Virginia’s hip hop history arrives at Swem
Written by Sam Dreith|
February 2, 2015
Earl Gregg Swem Library’s Special Collections is host to a plethora of historical artifacts, from the correspondence of George Washington and Thomas Jefferson to the papers of former CIA director Robert Gates. What may come as a surprise is that Swem Library is also home to the records of D.J. Wyze, Magoo and even Chymandye Lady-C.
Swem will launch the exhibit, Re-Mixing the Old Dominion: 35 Years of Hip Hop Culture and History, with an event this Wednesday, Feb. 4, from 5 p.m. to 7 p.m. The event, which is open to the public, will comprise of a speech from its curator, Ph.D. candidate Kevin Kosanovich ’15, a performance from the SMILES undergraduate dance crew and refreshments.
The hip-hop special collection began in March 2012. The collection includes oral histories, recordings and other hip-hop paraphernalia.
“The collection itself was designed and set up to capture and document the history of Virginia hip-hop culture and community as inclusively as possible,” Kosanovich said.
Kosanovich was inspired to begin the collection at the College of William and Mary after completing work for his dissertation, which involved investigating the material history of hip-hop culture, at Cornell University’s hip-hop collection.
“I spent several research trips there and was really impressed by what they were doing,” Kosanovich said. “I thought, ‘well, why can’t we do it down here?’”
The collection is meant to act as a history for communities that have historically been neglected and marginalized by institutions, and to make sure the College and community can act together to prevent the disappearance of these histories.
“The library itself has a history of documenting popular culture — sheet music, stuff like that — and realized one of the areas they would like to expand is African American culture,” Kosanovich said.
Kosanovich believes that hip-hop culture is ephemeral, demanding documentation.
Special Collections Director Jay Gaidmore has been involved in the collection since he began working at the College in July 2013.
“I had heard about the exhibit before and thought it was really great,” Gaidmore said. “Once I learned more about it I was surprised to learn Hampton, Norfolk, Virginia Beach and Portsmouth had such a strong connection to hip-hop.”
Although Kosanovich believes that Virginia does not have one distinct hip-hop sound, he believes the College is a great venue for the exhibit.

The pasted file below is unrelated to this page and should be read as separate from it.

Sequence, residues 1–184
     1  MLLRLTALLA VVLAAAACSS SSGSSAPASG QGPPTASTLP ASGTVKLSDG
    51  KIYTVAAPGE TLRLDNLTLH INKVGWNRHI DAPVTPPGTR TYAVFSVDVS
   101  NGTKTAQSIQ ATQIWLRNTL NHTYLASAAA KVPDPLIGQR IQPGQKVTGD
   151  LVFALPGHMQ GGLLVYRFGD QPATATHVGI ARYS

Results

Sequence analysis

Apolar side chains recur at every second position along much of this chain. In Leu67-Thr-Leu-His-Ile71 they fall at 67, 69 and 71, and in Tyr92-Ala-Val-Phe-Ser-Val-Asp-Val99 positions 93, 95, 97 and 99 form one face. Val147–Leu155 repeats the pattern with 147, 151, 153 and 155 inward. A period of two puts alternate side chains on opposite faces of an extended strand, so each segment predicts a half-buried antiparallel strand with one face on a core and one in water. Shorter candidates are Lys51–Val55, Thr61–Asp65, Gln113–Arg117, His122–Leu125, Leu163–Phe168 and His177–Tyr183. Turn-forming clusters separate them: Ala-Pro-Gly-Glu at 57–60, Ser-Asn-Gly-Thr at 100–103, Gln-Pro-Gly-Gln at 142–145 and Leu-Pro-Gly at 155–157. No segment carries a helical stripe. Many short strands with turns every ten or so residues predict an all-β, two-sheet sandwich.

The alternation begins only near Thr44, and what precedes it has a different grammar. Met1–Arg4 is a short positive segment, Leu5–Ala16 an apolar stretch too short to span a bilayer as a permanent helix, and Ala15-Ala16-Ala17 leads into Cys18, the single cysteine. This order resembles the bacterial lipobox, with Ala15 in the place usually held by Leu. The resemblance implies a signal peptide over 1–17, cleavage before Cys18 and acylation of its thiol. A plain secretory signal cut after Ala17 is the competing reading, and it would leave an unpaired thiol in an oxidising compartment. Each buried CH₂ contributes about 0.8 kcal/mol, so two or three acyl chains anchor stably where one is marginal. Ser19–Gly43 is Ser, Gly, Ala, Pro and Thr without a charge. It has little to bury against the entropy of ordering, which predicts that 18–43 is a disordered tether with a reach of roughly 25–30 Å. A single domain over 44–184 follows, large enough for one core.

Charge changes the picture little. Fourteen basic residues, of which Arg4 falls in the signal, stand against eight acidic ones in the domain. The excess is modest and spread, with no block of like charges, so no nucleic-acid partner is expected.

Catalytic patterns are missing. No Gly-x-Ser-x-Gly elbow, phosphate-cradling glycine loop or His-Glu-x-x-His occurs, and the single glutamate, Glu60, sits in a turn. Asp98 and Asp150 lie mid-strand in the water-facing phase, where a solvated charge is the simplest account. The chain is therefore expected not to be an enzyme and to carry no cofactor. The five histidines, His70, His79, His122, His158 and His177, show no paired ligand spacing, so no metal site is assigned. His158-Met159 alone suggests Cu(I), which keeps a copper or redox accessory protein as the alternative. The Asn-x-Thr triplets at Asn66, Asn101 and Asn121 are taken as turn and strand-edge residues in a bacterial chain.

“In terms of location, we’re geographically a neutral site between folks that might want to claim that their particular city is the best,” Kosanovich said. “We’re somewhat removed from that.”
The historical significance of the College also fits in with the library’s attempt to build its collections in African American history and the local community in Virginia, according to Gaidmore.
“We’re down the street from Jamestown, which is the sight of the first Africans being unloaded,” said Kosanovich. “So in terms of an African American culture, we’re sort of the entry point of that history here.”
There are only five other hip-hop collections in the U.S. — the exhibition’s fellows are located at Cornell, Harvard University, the University of Houston, Tulane University and Clark Atlanta University.
“One of the main things that makes our collection unique, and one of the strengths of our collection, is a big emphasis on oral histories,” Kosanovich said.
Kosanovich collects each of the oral histories by means of a recorded interview with the subject. There are currently approximately 115 oral histories in the collection.
“[All of the oral histories] have had their really soulful or meaningful moments,” Kosanovich said.
“[Magoo] was a really good interview for some of that background history for where some of these famous folks came from,” Kosanovich said. “That one was very soulful. He was a very kind man.”
Gaidmore often meets with the subjects of the oral histories to show them around Special Collections before they are interviewed.
“It blows them away that we’re collecting hip-hop, but we also have stuff from Thomas Jefferson and George Washington and James Monroe and all that kind of stuff,” Gaidmore said. “They’re just excited that an institution as prestigious as this, and as old, is being really cutting edge and collecting the current history of what’s going on.”
Not only will the exhibit have small clippings from these full oral histories on display, but they will also have curated playlists with important Virginia-based and Virginia-born artists, and will feature a performance from SMILES, which helped Kosanovich get the collection started in 2013.
Daniel Park ’16 and Jean-Paul Aleman ’16 are the current co-captains of the SMILES crew, which has been active since 2008.
“We maintain a close relationship with [Kosanovich],” Aleman said. “He always tells us when the next hip-hop exhibit is and what we can do.”
The collection houses the SMILES crew’s old boombox and t-shirts among other hip-hop paraphernalia.
“I like how [Kosanovich] is genuinely interested in the history and traditional roots of hip-hop,” Park said.
The hip-hop collection will remain in Swem for students to use for research, and Kosanovich is interested in having any artist or person involved in hip-hop in any way to become a part of it.
“In future years people are going to want to write a history of hip hop in Virginia and this is going to be the collection they come to,” Gaidmore said.